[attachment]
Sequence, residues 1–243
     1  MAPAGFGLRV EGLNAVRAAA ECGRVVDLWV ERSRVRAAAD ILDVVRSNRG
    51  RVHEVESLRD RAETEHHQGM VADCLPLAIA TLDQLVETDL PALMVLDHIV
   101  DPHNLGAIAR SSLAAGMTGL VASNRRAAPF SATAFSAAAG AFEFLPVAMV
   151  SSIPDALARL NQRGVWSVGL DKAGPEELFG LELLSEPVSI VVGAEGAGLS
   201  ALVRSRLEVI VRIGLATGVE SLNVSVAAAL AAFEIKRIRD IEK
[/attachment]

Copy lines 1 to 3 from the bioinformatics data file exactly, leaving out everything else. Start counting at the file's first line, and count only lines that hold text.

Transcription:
Sequence, residues 1–243
     1  MAPAGFGLRV EGLNAVRAAA ECGRVVDLWV ERSRVRAAAD ILDVVRSNRG
    51  RVHEVESLRD RAETEHHQGM VADCLPLAIA TLDQLVETDL PALMVLDHIV